Schatten und Kopie im Sakraltheater. Der auto sacramental als ikonologisches Reflexionsmedium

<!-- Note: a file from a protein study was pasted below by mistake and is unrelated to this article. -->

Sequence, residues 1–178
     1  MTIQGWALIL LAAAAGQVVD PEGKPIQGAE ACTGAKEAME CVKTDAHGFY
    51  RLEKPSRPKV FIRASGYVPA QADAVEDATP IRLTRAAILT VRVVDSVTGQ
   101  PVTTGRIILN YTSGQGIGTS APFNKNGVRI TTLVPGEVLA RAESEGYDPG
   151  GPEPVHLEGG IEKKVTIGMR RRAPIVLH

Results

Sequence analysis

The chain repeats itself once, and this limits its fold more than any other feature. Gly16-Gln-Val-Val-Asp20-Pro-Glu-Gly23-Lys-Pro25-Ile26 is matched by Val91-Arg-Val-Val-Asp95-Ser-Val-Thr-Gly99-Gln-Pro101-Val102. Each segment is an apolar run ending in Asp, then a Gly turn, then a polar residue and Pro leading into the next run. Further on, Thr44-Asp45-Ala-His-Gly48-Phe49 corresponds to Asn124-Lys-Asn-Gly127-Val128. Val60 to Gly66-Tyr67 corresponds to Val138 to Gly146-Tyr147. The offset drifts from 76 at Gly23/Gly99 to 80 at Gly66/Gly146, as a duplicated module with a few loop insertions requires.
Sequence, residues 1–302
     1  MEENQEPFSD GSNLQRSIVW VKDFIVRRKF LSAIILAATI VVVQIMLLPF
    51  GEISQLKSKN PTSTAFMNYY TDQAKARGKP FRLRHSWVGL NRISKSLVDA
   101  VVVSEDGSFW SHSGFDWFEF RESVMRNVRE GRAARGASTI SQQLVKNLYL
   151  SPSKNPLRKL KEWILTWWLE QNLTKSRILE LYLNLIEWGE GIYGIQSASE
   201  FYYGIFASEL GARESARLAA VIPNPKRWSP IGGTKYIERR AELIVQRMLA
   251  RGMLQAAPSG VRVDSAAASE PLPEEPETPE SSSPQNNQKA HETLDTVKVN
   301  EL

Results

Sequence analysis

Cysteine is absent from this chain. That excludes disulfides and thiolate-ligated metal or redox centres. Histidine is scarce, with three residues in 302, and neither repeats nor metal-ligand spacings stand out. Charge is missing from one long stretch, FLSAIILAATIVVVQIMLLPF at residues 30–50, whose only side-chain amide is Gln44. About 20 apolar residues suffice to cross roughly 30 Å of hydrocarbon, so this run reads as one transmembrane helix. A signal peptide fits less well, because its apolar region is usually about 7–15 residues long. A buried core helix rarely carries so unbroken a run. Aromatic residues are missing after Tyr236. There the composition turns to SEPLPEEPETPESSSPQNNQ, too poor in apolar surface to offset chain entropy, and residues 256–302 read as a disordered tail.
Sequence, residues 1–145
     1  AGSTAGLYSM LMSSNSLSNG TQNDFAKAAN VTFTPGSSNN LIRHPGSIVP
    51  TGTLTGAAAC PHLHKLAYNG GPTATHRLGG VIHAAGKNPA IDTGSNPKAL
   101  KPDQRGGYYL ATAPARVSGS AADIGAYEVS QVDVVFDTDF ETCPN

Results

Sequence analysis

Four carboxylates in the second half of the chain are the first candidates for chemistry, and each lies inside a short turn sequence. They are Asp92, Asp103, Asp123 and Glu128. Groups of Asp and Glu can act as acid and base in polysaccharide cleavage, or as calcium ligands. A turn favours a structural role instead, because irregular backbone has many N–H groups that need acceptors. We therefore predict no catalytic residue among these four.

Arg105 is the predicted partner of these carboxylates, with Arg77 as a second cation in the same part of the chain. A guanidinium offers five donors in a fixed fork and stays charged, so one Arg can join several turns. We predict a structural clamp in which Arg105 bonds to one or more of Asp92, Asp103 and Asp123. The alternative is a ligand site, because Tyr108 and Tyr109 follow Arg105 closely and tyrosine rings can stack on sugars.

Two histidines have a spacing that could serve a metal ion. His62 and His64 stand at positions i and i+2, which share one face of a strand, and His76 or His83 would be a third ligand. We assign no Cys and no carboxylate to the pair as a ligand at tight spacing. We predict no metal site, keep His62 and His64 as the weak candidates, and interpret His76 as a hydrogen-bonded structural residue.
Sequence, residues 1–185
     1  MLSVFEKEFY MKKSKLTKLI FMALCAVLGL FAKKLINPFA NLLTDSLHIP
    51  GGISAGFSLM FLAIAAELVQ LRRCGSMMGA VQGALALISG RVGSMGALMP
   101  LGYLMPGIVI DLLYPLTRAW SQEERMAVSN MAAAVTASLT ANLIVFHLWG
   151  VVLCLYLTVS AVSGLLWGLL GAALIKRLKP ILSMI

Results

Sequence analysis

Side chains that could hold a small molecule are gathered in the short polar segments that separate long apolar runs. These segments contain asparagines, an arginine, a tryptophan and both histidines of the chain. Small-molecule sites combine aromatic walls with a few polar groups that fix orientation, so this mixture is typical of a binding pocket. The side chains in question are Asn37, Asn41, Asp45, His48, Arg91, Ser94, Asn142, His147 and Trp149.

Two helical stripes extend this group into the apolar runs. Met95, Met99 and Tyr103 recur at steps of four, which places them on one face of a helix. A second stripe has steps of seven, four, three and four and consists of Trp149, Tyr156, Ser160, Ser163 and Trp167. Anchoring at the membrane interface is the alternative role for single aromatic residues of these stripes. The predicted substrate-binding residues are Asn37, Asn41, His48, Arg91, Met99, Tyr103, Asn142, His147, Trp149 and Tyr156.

This article proposes autos sacramentales as a means of reflecting on images and their presence in the context of religion. Exploring the context of a presence culture in Catholic Spain and of sacramental representation as a wider European issue of pluri-confessionality, the auto sacramental emerges as an image-sensitive subject. Revisiting 17th century art debates, two figurations, the “parable of the seaside shadows” and the “copia divina”, are used to illustrate the plays’ ‘dramaturgy of doubling’ from the perspective of iconology. The early modern visual and material culture finds its way into the sacramental plays through a ‘poetics of transubstantiation’. Thus, in El verdadero Dios Pan (1670), Calderón uses ‘image transfiguration’ in the moment of change of substance, transforming a painting into a sculpture of a saint. Likewise, in El divino Narciso (1689) Sor Juana employs an elaborate image performativity, re-enacting for example the desire for images in the absence of the (sacred) body. These poetic modes sacralize the stage and mediate the presence of what they represent.